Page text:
Do Quitters Never Win?

Rodney Warner, JD
Rodney Warner, JD

Knowing when to stop is an art. When do you know when to push yourself away from the table? When do you know you’ve had enough to drink? When do you decide you’re making enough money, and it’s time to stop climbing the corporate ladder?

If you’re being treated for cancer, and things aren’t going as planned or hoped for, what do you do? If you don’t want to die of cancer, but the disease isn’t responding to treatment, what’s next? Search the world over for a miracle medical trial? Go to Mexico and try a pharmacia advertising miracle cures?

After my second relapse, it was looking like the chances were pretty good that cancer would kill me. A nurse I was working with told me that, at the very least, I had a good quality of life. Maybe in nursing school students are told that’s the right thing to say to a patient in my situation. But it made me angry. I told her, that given my age (35), I was much more concerned about the quantity of my life, than its quality.

A “second opinion” I got was that I was terminally ill (my treating physician told me there was a good chance I was terminally ill). I remember talking to a friend on the phone afterwards. I told her I’d always hoped to be cured. But maybe the best I should hope for was a pain free death. I felt I was in a dark room. Light from beyond an open doorway was in my eyes. But the door was closing, and I couldn’t stop it.

I decided to continue to try to be cured. I’m sure from my “second opinion” doctor’s perspective, I was needlessly bringing more suffering into my life, a life that was soon coming to an end. A life better spent with my family, and not with doctors in hospitals. As turns out, I made the right decision. I’ve been cancer –free (as far as anyone knows) for seven years.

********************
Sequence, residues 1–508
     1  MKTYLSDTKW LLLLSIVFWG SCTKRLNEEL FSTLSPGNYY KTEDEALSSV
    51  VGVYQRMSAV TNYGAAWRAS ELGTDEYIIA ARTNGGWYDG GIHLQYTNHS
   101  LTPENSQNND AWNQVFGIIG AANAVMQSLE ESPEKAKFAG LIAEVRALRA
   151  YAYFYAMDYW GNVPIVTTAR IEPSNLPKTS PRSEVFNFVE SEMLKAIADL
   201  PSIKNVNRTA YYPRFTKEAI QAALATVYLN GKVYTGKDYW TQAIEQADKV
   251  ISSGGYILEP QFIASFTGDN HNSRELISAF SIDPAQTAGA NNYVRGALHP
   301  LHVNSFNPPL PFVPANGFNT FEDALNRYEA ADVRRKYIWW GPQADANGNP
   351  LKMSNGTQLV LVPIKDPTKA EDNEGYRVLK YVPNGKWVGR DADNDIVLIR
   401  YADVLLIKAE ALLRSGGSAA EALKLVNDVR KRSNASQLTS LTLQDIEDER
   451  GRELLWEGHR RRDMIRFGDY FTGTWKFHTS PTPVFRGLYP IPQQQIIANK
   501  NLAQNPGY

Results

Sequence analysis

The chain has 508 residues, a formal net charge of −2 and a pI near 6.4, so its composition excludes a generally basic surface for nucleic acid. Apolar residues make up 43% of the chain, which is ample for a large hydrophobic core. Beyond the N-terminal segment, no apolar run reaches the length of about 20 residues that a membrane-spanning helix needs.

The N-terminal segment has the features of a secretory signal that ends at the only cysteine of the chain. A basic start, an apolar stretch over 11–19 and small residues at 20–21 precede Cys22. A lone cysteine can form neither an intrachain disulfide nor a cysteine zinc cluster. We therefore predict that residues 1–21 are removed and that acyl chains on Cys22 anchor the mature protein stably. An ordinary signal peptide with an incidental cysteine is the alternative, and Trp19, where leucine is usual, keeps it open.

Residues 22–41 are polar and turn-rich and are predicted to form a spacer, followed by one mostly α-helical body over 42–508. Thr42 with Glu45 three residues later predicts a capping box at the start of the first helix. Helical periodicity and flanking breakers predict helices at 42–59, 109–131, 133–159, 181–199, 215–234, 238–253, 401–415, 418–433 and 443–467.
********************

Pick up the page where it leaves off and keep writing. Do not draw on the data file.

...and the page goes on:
It’s not an easy decision to make. We’re told there’s always hope. Maybe something will be available tomorrow that will result in a cure. We’re told quitters never win, and winners never quit.

For too many people, cancer doesn’t quit either. No matter what is tried, the cancer wins, and a life is cut short. How do you decide what to do? There are some, no matter what they are told, will want to try everything, and anything, to be cured, until their last breath. Are they doing it for themselves? Are they in denial? Are they afraid of letting their family down?

One reason I continued treatment is that, if I was going down, I was going to go down swinging. I didn’t want my daughter to think her Dad was a quitter, because I didn’t want her to be a quitter.

Where do you draw the line? I write many heath care powers of attorney and living wills at my job. It never ceases to amaze me that people specifically request any and all measures be taken to keep them breathing (including ventilators and feeding tubes) even if they’ve been diagnosed with a terminal illness and are in a permanent vegetative state. Do they think machines and drugs will keep them alive forever?

On the other side of the spectrum is a former client of mine, in her 60’s, who was diagnosed with advanced colon cancer. She never attempted any curative treatment. She was resigned to her fate, and made the best of the time she had left. I can still remember the hug she gave me the last time I saw her.

Our medical system is not built to accommodate “quitters”. The incentives are to do more, try more and to keep pushing. But that’s not always the right thing to do.

I want you to read an excellent article in the New Yorker magazine, entitled Letting Go. It’s written by a surgeon, Atul Gawande. It’s about hospice care, and the good it does for many people. Hospice care can not only improve the quality of patients’ lives, and the lives of their families, but in some cases, it can also increase the quantity of their lives. But, as the article states, our medical system can have a hard time dealing with people who’ve had enough, and are pushing themselves away from the cancer treatment table.

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